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After nearly three-hundred days of prickly, burning, body-wide itching, I may have found relief. I say “may” because I’m not sure yet.

My first post about the onset of this itching was last February 11. The itching started on January 31, out of the blue, a day after my left hand turned blue for the first time.

Since then, in case you haven’t read about this before, I’ve seen two dermatologists, one allergist, one internist, one rheumatologist, one chiropractor, one infectious disease specialist, one Chinese acupuncturist, one Chinese herbalist, two cranial sacral therapists, one massage therapist, and one healing touch therapist.

Capped off by a comprehensive workup at Mayo Clinic two months ago by a third dermatologist, coming home with the diagnosis of Idiopathic Pruritus, itching with an unknown cause.

Mayo Clinic - A Place of Hope and Healing

Mayo Clinic – A Place of Hope and Healing

From each health care professional, I received different diagnoses and treatments. I encountered the West versus East clash. While our traditional Western treatment of a health problem is a prescription, the Eastern practitioners view medications as toxins. It was common for me to get a new medication in the same week as I was told I should not be taking it.

After I came home from Mayo, I decided I was through with physicians. I relied more and more on Eastern approaches. But with no relief.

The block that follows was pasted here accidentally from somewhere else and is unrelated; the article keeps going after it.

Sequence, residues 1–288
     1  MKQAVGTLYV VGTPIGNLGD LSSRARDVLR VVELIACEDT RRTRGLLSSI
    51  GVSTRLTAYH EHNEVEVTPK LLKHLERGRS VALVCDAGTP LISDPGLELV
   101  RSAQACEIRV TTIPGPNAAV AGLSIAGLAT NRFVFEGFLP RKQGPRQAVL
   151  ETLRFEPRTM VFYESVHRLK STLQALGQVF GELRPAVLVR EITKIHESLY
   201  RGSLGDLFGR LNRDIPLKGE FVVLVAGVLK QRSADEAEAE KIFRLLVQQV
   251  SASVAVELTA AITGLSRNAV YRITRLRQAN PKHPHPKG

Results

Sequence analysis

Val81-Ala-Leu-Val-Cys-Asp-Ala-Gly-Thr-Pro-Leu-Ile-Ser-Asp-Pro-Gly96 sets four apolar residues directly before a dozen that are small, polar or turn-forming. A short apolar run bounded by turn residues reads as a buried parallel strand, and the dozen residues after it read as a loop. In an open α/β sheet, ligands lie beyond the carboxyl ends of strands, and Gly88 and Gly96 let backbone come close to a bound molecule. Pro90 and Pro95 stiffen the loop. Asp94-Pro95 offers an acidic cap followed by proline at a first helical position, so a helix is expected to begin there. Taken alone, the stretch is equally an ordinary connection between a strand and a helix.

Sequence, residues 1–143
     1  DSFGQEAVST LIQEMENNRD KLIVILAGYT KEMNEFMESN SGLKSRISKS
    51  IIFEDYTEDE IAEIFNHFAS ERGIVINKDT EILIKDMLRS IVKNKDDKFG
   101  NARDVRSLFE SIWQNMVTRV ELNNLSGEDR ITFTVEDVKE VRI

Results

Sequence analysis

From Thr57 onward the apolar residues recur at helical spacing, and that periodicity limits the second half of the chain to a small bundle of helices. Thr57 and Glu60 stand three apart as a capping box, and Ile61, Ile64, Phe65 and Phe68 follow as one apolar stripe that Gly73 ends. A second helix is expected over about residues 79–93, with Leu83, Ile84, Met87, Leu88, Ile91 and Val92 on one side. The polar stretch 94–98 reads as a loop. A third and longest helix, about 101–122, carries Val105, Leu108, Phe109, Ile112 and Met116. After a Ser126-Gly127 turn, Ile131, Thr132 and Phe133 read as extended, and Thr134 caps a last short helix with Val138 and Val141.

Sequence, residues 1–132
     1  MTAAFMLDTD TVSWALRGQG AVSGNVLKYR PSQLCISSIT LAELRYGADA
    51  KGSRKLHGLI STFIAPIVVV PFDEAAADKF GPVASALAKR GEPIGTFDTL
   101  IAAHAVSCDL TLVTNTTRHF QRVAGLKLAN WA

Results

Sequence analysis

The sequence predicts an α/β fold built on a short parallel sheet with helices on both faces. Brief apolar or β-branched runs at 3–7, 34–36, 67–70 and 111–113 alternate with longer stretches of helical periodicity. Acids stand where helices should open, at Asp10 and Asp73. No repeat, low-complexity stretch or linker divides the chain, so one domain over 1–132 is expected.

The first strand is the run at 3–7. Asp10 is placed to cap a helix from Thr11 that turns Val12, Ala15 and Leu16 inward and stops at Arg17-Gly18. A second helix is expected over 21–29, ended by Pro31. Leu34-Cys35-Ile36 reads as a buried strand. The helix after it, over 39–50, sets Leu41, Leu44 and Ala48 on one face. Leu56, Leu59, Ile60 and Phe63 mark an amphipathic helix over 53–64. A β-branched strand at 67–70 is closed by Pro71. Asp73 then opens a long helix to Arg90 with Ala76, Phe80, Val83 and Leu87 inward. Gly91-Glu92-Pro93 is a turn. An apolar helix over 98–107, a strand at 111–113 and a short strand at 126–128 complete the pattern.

My chronic itching ratcheted up over the Thanksgiving weekend. For no good reason. It was one of my best holidays ever; I had my two oldest grandchildren (young adults) and two youngest (under four) at my family of origin’s celebration for the first time.

Cousin fun at Lake Michigan - b-r-r-r-r-r-r-r-! ! The youngest was napping.

Cousin fun at Lake Michigan – b-r-r-r-r-r-r-r-! ! The youngest was napping.

So, last Sunday night, after all the festivities were over, I had yet another talk with myself. How could I go on? People had been asking me that every day since the itching began, and I’d answered that the only way I could live with it was to maintain hope that eventually it would go away.

I know I subsisted on denial, the psychological defense mechanism that something this awful could not be happening to me. After all, I already was dealing with the chronic pain of fibromyalgia. Could it be I would have to learn how to deal with chronic itching too?

Of course I don’t know what God has planned for me, but I believe he gave us our brains to figure out how to cope with life’s problems. And since I wasn’t coping well at that point, I had to admit that God had given me the grace I needed to withstand the almost incessant prickly, burning, body-wide itching for the previous ten months. He also gave me my husband who has stood by patiently, ready to scratch when, as I told the doctor at Mayo, I’ve been on the verge of going berserk.

About using our brains: after my post about my Mayo Clinic visit (October 7, 2013), I’d searched the web for “itching and fibromyalgia,” and providentially (you may consider it chance or serendipity) discovered a blog by another retired nursing professor, Barbara Keddy, PhD, RN, titled “Women and Fibromyalgia.” Way back on August 7, 2008, she’d written a post about her short intense bouts of itching.

Read her informative and most helpful article here.